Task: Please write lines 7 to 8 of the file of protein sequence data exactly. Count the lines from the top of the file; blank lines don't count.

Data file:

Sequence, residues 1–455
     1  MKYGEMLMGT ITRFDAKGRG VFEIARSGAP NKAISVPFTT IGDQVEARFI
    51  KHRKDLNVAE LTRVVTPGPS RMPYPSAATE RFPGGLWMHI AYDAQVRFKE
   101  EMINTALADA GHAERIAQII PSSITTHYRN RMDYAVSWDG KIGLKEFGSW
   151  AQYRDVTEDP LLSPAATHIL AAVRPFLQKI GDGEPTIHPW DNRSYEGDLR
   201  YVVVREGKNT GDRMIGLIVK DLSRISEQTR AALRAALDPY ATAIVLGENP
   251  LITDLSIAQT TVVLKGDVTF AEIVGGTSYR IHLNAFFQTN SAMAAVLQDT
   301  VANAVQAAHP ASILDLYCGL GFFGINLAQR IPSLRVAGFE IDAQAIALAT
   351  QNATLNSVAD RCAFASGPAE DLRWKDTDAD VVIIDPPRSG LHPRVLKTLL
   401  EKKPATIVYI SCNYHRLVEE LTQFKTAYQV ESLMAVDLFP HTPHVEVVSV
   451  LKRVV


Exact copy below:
   251  LITDLSIAQT TVVLKGDVTF AEIVGGTSYR IHLNAFFQTN SAMAAVLQDT
   301  VANAVQAAHP ASILDLYCGL GFFGINLAQR IPSLRVAGFE IDAQAIALAT